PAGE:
“When I perform live, it’s definitely not your usual audience,” she says. “There’s always a mish-mash of different people of all varieties. I love it.”
Ricki-Lee would love to tour again next year but in the meantime, fans were able to whet their appetite with her appearances in the opening and closing ceremonies of the Commonwealth Games in her beloved home town in April.
“Being a Gold Coast girl, I was honoured,” she says. “I remember watching the Sydney Olympics opening and closing ceremonies with Nikki Webster, John Farnham, Olivia Newton-John, Tina Arena.
“I wished one day I could be on a stage like that; it would be such an amazing feeling. It was my dream and to actually get to do it, I just had the best time.”
Ricki-Lee was born in New Zealand but came to Queensland with her teenage single mum when she was just three weeks old.
She’s spoken in the past about her difficult childhood, with her mum working two jobs to support them, and being farmed out to relatives while her mum pursued a party lifestyle in her younger days.
At school Ricki-Lee was a talented sportswoman. Her musical ability was only discovered later at 15 when her mother heard her singing in her bedroom. It led to live gigs with local bands and starring in school musical productions.
At 15 she also met the man who was to be her first husband, then 23-year-old builder Jamie Babbington. They married in 2007 when Ricki-Lee was 21 but separated a year later.
In 2009, she met the man who would become her manager Richard Harrison who Ricki-Lee describes as “an amazing man”. The two married in 2015.
“I’m still as obsessed with him as the day we first met,” she says. “I have definitely found my match. I should probably shut up and stop banging on about that. I’ve written so many love songs about him. I’ll try not to put out too many about it.”
The one-time poster girl for curvy girls has dropped more than 30kg since they’ve been together, ironically sparking some negative chatter on social media, but Ricki-Lee is unapologetic about her decision to change her diet and lifestyle.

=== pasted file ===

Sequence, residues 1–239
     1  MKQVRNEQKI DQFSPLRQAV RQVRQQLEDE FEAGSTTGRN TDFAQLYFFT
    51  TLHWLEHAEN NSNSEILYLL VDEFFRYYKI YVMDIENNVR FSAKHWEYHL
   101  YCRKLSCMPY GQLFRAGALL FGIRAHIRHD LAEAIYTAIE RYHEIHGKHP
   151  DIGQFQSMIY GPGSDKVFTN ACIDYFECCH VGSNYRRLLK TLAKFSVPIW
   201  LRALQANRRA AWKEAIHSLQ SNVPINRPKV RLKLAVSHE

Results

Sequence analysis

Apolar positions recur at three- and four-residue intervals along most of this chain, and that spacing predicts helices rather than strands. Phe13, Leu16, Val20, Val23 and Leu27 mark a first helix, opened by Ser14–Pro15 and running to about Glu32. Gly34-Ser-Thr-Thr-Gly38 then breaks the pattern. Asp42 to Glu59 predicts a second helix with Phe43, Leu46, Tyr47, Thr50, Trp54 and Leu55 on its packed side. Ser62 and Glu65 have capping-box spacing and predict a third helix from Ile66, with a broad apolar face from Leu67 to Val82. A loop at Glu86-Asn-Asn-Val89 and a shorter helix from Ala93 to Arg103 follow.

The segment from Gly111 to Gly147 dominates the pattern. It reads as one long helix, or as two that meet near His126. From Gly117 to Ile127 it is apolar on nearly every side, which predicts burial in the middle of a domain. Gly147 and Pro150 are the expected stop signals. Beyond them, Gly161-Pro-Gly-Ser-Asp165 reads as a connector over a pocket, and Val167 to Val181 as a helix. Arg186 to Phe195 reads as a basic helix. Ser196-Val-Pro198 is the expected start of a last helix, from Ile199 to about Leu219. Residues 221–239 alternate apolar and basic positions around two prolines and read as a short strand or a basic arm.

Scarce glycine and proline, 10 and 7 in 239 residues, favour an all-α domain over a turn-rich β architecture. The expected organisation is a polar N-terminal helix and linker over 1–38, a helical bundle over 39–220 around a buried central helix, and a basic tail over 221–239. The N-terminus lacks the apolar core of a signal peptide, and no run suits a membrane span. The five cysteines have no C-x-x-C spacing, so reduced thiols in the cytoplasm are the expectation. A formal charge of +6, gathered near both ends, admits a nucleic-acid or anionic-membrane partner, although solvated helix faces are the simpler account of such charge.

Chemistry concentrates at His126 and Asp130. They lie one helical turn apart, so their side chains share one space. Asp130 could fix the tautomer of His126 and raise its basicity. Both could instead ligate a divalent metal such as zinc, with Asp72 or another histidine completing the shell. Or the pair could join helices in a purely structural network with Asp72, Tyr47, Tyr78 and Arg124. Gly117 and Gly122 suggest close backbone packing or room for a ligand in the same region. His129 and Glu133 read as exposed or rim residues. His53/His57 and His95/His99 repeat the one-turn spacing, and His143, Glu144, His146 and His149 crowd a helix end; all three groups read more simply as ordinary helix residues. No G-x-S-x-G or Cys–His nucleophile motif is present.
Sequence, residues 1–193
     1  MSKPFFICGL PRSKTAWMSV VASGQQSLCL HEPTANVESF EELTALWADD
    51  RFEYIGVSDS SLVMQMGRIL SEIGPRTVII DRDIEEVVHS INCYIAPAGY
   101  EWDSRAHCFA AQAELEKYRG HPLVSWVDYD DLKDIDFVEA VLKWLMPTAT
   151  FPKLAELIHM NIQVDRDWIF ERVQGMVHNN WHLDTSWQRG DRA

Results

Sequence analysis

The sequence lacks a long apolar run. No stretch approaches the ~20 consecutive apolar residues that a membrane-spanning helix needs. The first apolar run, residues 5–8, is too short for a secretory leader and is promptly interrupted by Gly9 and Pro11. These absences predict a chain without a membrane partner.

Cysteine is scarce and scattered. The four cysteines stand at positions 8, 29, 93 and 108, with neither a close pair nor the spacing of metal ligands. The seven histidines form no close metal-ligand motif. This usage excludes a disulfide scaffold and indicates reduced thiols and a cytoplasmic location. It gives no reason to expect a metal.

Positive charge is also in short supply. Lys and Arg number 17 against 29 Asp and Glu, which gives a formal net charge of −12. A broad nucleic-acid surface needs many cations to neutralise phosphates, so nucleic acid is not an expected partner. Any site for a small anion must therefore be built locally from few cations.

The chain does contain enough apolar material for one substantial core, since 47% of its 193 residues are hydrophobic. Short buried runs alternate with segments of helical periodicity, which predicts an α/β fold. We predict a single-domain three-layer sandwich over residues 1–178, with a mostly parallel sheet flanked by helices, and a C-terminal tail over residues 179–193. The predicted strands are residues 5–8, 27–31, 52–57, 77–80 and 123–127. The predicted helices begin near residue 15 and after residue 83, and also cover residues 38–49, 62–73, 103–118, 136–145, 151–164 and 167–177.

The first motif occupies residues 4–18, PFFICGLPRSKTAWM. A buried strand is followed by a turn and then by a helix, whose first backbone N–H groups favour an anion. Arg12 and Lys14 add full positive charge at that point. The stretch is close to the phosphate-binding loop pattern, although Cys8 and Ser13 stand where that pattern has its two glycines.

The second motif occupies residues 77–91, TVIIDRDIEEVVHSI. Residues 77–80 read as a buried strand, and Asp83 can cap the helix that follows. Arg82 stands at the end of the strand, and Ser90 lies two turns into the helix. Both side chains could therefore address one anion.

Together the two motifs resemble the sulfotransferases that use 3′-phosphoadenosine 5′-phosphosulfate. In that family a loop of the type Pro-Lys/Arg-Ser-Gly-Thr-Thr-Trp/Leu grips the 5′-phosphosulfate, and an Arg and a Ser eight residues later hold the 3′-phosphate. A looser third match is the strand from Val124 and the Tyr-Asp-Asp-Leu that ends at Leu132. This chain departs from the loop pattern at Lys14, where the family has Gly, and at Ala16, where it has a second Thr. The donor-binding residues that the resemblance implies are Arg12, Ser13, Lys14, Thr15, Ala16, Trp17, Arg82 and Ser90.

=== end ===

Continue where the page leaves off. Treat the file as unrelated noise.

In 2014 she attracted more social media response when she revealed how she and Richard had decided early on not to have children.
“I just plan to be an overbearing mother to my songs,” she laughs. “A helicopter parent – you couldn’t describe me better than that. I like to be involved in every little detail.”
Ricki-Lee says there’ll be more songs coming next year.
“I’m so obsessed with what I do, there’s no slacking off,” she says. “I work hard and my focus is on making music. I’ve been lucky and lots of amazing things have happened for me, but I’ve worked my arse off too.
“I want to get out on tour again. I love that interaction. I’m aiming for people to be sick of me.”
Like most true artists, Ricki-Lee experiences her creative bursts and troughs.
“I can go days and weeks when nothing comes out,” she says. “It’s like I’ve forgotten how to write songs. I feel like a fraud. So when inspiration comes you jump on it.”
She admits she often drives with her phone on record and spills out what’s in her head while she’s in the car: riffs, melodies, lyrics, ideas, voice memos.
“I think the thing with songs is they’re like little snapshots,” she says.
“They’re best when they’re honest and raw and vulnerable.
“Some songs I wrote over 10 years ago and I still love them because you don’t forget the feelings you had that you wrote about. They take you back to a time in your life that you’ve been through.”
She says the early reaction to Unbothered has been amazing.
“People have said to me, ‘I needed this song so much right now, it’s like you were in my head’,” she says. “When someone can take something out of one of your songs, that’s a good feeling.”
“I WANT TO GET OUT ON TOUR AGAIN. I LOVE THAT INTERACTION. I’M AIMING FOR PEOPLE TO BE SICK OF ME.”